The Southeast Asian nation of Vietnam is the Indochina Peninsula’s easternmost country. The country is inhabited by about 90.5 million inhabitants and is the 8th most populous country in Asia. The country is bordered by Cambodia, China, Laos, and Malaysia. Hanoi is the capital city of Vietnam.
Vietnam was ruled by Imperial China for over a millennium till AD 939 after which an independent Vietnamese state took form following the Vietnamese win in the Battle of Bạch Đằng River. Soon, Vietnamese dynasties flourished in the nation and it expanded rapidly. However, in the mid-19th century, Vietnam came under the control of the French Empire. In 1954, the French were expelled from the country after years of war for independence. After the French had left, Vietnam was divided into the rival states of North and South Vietnam. After North Vietnam won the Vietnam War in 1975, the country was unified under communist rule. The languages of Vietnam have been influenced over the years by the immigrants, ruling kingdoms, colonial powers, and governments of Vietnam.
Official Languages Of Vietnam
Vietnamese is the both the national and the official language of Vietnam. The majority of the population of the country speak this language. Vietnamese is an Austroasiatic language that has its origin in northern Vietnam. Originally, Vietnamese was written using a modified set of Chinese characters but later the natives of Vietnam developed their own script which was known as Chữ nôm. The language is not only spoken in Vietnam but also in other parts of the world where the Vietnamese population has emigrated.
Minority Languages Of Vietnam
Tày: Tày is Vietnam’s major Tai language that is spoken in the northeast of Vietnam near the Vietnam-China border.
The Mường people of Vietnam speak a group of dialects known as Muong. This language belongs to the family of Austroasiatic languages. Mường is also closely related to the Vietnamese language. People of the mountainous regions of Vietnam’s northern provinces speak this language. This minority language of Vietnam is written using a modified Vietnamese alphabet.
The Cham people, a minority group in Vietnam, speak the Cham language, a language belonging to the Malayo-Polynesian branch of the Austronesian family. This language was formerly the language of the Kingdom of Champa located in central Vietnam. About 79,000 Vietnamese speak the Cham language of Vietnam.
The Khmer minority of Vietnam speak the Khmer language in Vietnam. The language is the second most popularly spoken Austronesian language after the Vietnamese. The Khmer language has been significantly influenced by the Sanskrit and Pali languages which were introduced with Buddhism and Hinduism in Vietnam and neighboring Cambodia. Lao, Cham, and Vietnamese have influenced the more colloquial registers of Khmer and have been, in turn, influenced by the language. The Khmer language is also the earliest written and recorded language of the Mon–Khmer family.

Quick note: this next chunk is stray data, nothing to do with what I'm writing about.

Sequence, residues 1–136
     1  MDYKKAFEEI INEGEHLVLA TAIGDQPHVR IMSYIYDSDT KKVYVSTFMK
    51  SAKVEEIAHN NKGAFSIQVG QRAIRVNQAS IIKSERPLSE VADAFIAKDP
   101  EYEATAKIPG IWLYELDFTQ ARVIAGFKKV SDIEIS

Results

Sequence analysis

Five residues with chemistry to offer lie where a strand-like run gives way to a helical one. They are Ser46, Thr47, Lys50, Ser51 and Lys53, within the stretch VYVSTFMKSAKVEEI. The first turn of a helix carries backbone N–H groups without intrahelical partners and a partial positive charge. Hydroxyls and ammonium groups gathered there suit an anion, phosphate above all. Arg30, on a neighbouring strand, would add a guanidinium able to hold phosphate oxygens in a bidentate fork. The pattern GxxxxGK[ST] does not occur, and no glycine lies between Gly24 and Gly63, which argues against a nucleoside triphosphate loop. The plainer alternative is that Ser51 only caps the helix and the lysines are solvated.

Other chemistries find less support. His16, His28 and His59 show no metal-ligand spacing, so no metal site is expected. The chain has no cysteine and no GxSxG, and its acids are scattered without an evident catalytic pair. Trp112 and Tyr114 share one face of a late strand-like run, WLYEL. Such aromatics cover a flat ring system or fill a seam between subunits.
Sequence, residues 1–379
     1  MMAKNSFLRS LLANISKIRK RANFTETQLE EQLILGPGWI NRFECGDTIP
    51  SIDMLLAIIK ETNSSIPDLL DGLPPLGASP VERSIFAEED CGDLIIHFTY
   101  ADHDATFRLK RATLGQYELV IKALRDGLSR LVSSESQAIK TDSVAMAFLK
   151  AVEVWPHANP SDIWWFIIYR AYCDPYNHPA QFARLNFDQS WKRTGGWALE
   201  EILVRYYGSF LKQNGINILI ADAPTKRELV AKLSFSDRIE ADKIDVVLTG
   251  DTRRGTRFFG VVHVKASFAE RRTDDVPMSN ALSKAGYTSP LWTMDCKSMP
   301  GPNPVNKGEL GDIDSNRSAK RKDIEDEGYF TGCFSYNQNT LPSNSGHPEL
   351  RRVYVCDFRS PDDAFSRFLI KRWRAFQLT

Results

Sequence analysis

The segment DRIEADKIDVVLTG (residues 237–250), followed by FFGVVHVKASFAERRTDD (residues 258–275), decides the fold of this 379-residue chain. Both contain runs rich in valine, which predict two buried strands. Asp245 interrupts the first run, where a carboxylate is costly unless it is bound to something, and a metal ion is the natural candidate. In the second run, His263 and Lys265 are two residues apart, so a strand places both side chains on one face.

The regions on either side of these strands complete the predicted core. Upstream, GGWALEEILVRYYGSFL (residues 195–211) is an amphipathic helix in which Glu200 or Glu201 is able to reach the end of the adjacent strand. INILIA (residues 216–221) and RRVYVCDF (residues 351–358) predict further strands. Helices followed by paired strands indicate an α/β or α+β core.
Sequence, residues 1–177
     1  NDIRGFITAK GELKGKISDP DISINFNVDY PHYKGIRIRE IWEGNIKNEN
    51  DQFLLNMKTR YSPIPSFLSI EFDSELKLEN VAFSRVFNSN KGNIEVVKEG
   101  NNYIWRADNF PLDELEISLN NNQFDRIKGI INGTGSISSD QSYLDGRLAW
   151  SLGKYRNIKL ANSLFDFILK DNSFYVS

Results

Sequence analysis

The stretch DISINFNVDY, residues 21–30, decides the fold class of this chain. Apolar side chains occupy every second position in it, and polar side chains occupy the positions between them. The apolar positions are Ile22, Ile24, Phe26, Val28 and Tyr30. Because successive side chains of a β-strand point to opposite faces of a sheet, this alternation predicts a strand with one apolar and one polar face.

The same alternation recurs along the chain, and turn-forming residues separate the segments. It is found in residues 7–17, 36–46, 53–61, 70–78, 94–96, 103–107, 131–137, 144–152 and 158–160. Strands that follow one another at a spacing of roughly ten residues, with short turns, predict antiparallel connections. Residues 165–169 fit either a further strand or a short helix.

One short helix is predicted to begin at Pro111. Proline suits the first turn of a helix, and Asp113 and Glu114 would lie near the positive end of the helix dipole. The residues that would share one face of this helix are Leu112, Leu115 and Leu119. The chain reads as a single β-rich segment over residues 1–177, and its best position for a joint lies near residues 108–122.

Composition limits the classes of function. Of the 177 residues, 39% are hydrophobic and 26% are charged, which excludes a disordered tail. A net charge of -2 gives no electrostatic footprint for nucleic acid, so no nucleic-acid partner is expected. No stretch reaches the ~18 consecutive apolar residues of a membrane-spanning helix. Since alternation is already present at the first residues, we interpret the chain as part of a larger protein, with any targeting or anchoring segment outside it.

The Chinese language is spoken in Vietnam by the Chinese minority group in the country.
The Tai–Kadai language of Nùng is spoken in the Lạng Sơn and the Cao Bằng provinces of Vietnam.
Hmong is a dialect spoken by the Hmong people of Vietnam.
Foreign Languages Of Vietnam
French: French is the most spoken foreign language in Vietnam. A legacy of the colonial rule, French is spoken by a significant section of the Vietnamese as a second language. Vietnam is a full member of the Francophonie, and French at one time served as the principal language of the country.
Russian, Czech, German, and Polish are also spoken by small sections of the Vietnamese population. With greater contacts of the Vietnamese with the Western world, English has also attained popularity in the country.
What Languages Are Spoken in Vietnam?
Vietnamese is the national and official language of Vietnam.
About the Author
Oishimaya is an Indian native, currently residing in Kolkata. She has earned her Ph.D. degree and is presently engaged in full-time freelance writing and editing. She is an avid reader and travel enthusiast and is sensitively aware of her surroundings, both locally and globally. She loves mingling with people of eclectic cultures and also participates in activities concerning wildlife conservation.
Your MLA Citation
Your APA Citation
Your Chicago Citation
Your Harvard CitationRemember to italicize the title of this article in your Harvard citation.